to Illustrated Sites of Greece
Cave and Environs
The Stadium at
The Temple of
The Theater at
Dr. J's Illustrated Temple of Apollo
temple as it survives dates only to the fourth century BC, but the foundation is original
to an earlier version from the sixth century, which replaces an even older seventh century
version. There would have been two rows of Ionic columns forming an interior colonnade
within the Doric peripteral temple (6 X 15 columns). The pedimental sculpture described by
Pausanias has never been found.
authors admired the sixth century temple and honored it with their art: Euripides' Ion is
set in front of the temple of Apollo; Orestes comes to this very temple in his flight from
the Furies in the third play of Aeschylus' Oresteia; and Pindar actually wrote his Hymn to
Apollo while sitting inside on an iron chair. It is recorded that the Greek maxim
"Know thyself" was etched into one of the interior walls.
stylobate and many pavement stones have been replaced on the 3-step blue limestone
foundation. Nobody knows the arrangement of the adyton, or inner shrine that housed the
sacred tripod of Apollo and the sacred chasm from which spewed forth sacred godly
emanations. When the French excavated, they bore down to the bedrock without finding the
secret chamber wherein the priestess would have become inebriated with the spirit of
Apollo. Arguments abound about that too: some say the priestess chewed laurel leaves
(sacred to Apollo) to become god-inspired; de-mystifiers suggest that a fumarole since
closed by an earthquake vomited forth intoxicating fumes from the earth's center. This
last idea might not be so far-fetched, since the Earth Goddess Gaia was worshipped here,
The oracle was very wealthy and very powerful, and, some would
argue, very corrupt. First, the oracle gave answers to questions concerning military
escapades in riddles. For example, the Lydian King, Croesus, might not have been so
satisfied with the news that "a great empire would fall" after his battle with
the Persians had he known that great empire would be his own. Secondly, how hard is it to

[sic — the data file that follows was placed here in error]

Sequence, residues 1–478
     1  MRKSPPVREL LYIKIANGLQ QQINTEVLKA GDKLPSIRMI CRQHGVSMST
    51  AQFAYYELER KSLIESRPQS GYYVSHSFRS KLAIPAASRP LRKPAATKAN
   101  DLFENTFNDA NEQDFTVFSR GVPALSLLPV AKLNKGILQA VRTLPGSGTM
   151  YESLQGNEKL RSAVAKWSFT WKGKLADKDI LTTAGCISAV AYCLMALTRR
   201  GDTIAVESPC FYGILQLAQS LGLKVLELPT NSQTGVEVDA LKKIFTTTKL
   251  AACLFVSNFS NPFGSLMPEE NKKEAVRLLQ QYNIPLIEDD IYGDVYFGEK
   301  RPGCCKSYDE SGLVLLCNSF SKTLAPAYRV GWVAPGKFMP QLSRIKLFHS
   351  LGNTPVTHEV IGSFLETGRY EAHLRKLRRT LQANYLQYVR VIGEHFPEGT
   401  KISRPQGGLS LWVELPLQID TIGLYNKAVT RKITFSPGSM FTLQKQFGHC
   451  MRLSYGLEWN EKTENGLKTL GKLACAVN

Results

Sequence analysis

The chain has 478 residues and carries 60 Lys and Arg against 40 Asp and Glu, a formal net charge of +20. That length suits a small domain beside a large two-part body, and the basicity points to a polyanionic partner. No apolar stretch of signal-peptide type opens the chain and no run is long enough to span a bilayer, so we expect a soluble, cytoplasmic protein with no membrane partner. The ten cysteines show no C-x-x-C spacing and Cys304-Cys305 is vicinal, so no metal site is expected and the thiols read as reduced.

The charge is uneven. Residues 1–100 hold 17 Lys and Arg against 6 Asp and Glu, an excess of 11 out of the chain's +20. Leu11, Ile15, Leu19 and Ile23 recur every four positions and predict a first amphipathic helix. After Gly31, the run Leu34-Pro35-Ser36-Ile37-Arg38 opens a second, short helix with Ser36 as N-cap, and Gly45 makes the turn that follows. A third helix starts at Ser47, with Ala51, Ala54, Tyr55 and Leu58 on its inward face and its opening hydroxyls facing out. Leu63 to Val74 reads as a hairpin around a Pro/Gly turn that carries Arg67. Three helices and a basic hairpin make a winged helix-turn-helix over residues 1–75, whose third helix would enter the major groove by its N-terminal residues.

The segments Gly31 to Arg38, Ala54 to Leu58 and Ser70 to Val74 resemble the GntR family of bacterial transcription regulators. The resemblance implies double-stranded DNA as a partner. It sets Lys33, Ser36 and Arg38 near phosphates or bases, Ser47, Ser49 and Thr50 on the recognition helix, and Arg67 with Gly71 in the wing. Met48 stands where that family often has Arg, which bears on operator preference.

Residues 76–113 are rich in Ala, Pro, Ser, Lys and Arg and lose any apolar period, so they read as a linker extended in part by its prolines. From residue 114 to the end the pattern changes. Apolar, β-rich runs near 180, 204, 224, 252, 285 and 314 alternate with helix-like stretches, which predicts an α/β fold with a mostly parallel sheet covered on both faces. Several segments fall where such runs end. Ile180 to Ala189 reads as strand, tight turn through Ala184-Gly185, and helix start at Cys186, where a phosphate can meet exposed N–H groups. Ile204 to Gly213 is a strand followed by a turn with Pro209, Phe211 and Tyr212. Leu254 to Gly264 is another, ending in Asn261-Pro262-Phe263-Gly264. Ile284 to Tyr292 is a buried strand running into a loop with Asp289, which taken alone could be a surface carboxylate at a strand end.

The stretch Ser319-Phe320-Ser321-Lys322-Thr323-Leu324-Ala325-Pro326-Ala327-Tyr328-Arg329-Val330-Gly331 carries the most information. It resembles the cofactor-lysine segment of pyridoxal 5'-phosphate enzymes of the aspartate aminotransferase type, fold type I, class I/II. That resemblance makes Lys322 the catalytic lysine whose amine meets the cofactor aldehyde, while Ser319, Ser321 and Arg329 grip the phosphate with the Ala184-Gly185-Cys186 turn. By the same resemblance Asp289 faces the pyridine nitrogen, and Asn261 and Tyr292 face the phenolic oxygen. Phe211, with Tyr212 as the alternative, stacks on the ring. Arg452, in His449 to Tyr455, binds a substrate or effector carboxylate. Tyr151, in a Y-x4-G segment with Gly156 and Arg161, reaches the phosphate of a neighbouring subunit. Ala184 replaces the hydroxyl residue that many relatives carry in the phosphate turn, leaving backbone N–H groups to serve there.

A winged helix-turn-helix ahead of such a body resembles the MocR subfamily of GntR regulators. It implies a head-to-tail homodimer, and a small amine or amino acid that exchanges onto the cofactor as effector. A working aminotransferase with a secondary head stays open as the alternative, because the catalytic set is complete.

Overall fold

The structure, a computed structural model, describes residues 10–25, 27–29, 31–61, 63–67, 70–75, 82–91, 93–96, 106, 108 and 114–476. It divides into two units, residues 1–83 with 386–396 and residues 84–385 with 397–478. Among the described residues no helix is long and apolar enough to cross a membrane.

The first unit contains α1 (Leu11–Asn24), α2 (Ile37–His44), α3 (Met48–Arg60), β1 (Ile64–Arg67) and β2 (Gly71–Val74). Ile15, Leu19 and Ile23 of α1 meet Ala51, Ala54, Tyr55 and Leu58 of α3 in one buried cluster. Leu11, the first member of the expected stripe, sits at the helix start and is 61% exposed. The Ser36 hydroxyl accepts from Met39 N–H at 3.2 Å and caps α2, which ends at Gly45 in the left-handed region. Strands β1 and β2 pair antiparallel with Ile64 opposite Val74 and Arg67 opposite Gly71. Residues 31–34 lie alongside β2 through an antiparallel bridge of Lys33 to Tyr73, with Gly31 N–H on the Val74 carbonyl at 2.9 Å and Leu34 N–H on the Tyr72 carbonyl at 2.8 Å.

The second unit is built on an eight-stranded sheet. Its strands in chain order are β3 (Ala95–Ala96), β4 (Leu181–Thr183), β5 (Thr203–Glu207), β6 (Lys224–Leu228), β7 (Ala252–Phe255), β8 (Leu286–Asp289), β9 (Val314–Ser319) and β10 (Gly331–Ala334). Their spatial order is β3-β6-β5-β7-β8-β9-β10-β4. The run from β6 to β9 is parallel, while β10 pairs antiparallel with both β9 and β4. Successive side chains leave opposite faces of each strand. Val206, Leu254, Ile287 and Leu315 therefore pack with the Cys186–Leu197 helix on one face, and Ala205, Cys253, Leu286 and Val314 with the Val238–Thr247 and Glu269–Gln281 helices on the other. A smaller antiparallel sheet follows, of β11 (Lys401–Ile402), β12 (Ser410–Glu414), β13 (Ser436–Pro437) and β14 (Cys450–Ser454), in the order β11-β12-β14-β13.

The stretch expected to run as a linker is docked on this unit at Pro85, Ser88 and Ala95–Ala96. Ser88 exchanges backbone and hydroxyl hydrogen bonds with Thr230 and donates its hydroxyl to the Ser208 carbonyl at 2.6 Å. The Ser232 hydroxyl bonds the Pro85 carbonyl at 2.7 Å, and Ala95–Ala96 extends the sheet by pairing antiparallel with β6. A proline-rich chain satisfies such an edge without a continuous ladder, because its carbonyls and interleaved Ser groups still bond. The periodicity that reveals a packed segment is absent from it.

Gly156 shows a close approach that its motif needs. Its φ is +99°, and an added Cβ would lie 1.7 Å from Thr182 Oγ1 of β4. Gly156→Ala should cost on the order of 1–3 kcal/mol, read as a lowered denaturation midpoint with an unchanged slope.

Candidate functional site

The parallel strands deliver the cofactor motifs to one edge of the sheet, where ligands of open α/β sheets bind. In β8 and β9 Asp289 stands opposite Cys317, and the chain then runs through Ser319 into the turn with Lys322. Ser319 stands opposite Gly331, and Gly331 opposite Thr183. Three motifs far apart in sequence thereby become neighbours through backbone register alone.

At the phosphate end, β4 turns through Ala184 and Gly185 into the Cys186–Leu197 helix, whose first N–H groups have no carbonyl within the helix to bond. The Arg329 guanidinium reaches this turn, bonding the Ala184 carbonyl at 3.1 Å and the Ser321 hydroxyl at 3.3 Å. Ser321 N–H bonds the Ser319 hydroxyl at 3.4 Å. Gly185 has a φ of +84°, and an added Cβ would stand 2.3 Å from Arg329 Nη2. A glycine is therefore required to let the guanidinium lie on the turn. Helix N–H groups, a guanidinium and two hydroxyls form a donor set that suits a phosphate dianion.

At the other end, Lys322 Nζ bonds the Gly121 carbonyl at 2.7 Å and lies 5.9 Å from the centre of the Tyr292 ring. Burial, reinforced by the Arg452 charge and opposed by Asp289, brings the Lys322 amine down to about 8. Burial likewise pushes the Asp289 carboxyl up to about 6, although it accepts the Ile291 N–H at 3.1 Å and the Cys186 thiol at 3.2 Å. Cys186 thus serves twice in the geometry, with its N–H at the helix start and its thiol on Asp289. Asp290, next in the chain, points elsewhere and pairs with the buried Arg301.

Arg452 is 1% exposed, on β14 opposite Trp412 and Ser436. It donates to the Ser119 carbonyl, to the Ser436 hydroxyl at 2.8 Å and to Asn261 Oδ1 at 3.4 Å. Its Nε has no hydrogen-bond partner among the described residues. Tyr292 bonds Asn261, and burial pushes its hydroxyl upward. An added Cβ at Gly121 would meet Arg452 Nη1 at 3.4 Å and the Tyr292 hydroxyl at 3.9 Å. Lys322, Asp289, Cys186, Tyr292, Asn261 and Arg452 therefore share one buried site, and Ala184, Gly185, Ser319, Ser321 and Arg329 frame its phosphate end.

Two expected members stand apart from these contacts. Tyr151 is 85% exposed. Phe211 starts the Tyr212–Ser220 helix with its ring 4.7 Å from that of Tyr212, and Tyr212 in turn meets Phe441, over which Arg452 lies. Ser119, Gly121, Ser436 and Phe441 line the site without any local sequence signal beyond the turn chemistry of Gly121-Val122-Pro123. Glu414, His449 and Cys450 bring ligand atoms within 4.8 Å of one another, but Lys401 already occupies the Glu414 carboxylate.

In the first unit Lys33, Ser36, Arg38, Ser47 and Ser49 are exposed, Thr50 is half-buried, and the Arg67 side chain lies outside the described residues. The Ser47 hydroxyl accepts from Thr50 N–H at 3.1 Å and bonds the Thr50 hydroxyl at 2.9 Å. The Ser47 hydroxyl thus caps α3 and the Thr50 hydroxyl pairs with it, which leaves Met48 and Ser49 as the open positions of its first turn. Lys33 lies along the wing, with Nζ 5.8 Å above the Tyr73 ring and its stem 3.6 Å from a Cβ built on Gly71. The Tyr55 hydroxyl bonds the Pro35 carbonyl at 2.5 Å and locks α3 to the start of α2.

forecast military defeat or victory if you are the confidant of all interested parties -
all of whom have divulged their military secrets to you?
east side of the Temple of Apollo lies the Great Altar, or the Altar of the Chians,
originally dedicated by the population of the island of Chios (after their successful
stand against the Persians) and restored in 1920 by their modern descendants.
Unfortunately, this is not a picture of the altar - the oldest bichromatic (black and
white) building found anywhere; this is just the stone ramp leading from the altar to the
east entrance of the temple.
reconstructed 4e columns tower over the site. Note the bird sitting atop the
only fully reconstructed column (right). We can only imagine the commanding presence this
temple must have enjoyed, completely surrounded by such columns and perched on the very
precipice of Mt. Parnassos, surrounded by hundreds of votives...
Coming out of one of the drains that run
underneath the Temple of Apollo (in '95 and '98). Although the French archaeologists
failed to find the secret chamber where the Pythia communed with Apollo, this passageway
allowed us to hide ourselves within the bowels of the temple. Probably against the rules,
but well worth the risk. While we were inside, a tourist group from Britain gathered
around the Temple and posed the Oracle a question. It was really hard to resist answering
...so we didn't!
In the pitch-black drain, I took this over-exposed flash photo
of a lifting block. The builders threaded a rope through this horse-shoe tunnel drilled
into the rock in order to move it into position. This was a tight spot - the drain is a
rectangular space not wide enough for any turning or shifting of position (not for the
claustrophobic!) and certainly not wide enough to juggle camera and flashlight!